On to the food. We ordered the 5 course degustation for $125pp. Very reasonable for the reputation The Press Club has. All degustations are chef’s choice each evening, you just let them know if you have any dietary requirements before hand.

So first off the rank came the appetizers, an array of little tasting bites. This alone was worth coming to The Press Club for.

  • Interpretation of Chicken Soup
  • Salt and Vinegar loukoumades with a (I think it was trout) dip with fish roe
  • Saganaki
  • Jalapenos with hummus
  • Lamb

The most impressive was their interpretation of chicken soup served in an eggshell cup. Wow. There was a clear consume jelly at the bottom, then a creamy flavourful creamier layer on top with crunchy bits of sage. Absolutely delightful on the tastebuds. We all scraped up every last drop. Second favourite was the salt and vinegar loukoumades with the salty (again I think it was trout) dip and fish roe. Very morish. The other three items were cooked very well too.

Now onto service. Great service. Interesting way to provide cutlery. They give you a ‘cutlery box’, and we’re told that they don’t want to dictate how diners enjoy their food, you are free to choose whatever cutlery you feel like using.
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First degustation tasting dish was a lasagne interpretation. Instead of pasta, they used thin sheets of daikon, creamy bechamel, a mushroom sauce, and crispy mushrooms on the top. So delicious, I could eat this dish over and over again.

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For the second dish, we were showed the technique of how eggplant was smoked in the olden days. The smoked eggplant was then the highlight in this dish, with wallaby tartare. Again so well cooked, another amazing dish.

The third dish was warm homemade bread with infused butter, served along-side octopus with lentils. Every element was lovely individually and then went so well together.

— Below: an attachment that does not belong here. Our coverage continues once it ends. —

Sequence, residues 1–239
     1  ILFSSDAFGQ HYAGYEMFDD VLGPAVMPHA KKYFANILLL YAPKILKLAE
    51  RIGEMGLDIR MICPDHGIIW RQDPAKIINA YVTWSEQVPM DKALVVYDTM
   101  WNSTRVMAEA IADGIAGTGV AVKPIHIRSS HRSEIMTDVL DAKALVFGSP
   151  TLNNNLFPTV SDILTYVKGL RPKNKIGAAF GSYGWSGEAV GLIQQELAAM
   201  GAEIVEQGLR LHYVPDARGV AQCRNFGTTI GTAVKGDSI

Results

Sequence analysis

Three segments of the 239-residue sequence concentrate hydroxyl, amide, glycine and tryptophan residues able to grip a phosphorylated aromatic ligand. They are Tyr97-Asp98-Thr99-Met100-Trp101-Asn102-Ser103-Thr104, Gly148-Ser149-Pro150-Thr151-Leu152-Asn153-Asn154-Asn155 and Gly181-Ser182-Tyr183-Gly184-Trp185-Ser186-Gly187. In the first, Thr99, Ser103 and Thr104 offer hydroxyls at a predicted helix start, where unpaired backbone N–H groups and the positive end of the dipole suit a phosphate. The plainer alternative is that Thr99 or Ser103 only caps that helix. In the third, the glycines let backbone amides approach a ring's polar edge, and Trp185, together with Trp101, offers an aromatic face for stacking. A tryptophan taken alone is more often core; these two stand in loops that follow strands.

Prior to the fourth and last savoury dish, we were presented with a knife. Apparently the story is that George Calombaris was presented this knife by his friend as a present, and so he decided to purchase this for guests of his restaurant to demonstrate hospitality and friendship. Nice story. Obviously Greeks don’t have the same superstitions as Chinese. In Chinese culture, we never give knifes, scissors, or anything sharp, in Chinese culture it’s interpreted as severing ties and breaking a friendship. Not a great omen. So if you ever give a knife or pair of scissors, in Chinese custom we always ask the recipient to give us something in return, even it it’s a token $1 coin, so it’s not a ‘gift’ as such, it’s just a transaction. On to the food. The duck was absolutely perfectly cooked. There was a touch of citrus, the sauce was delicate and all paired well together on the plate.

The fifth and last dessert dish to the evening was the dessert. Little cakes which had an almond element to it, light delicious icecream with some other crunchy elements. Very good end to a great meal.

The Press Club chefs hard at work.
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I was definitely impressed by the experience, and will be back.

Food: 9/10
Value for money: 8.5/10
Ambience: 8.5/10
Service: 8.5/10
Overall Score: 34.5/40
$$$

The Press Club Menu, Reviews, Photos, Location and Info - Zomato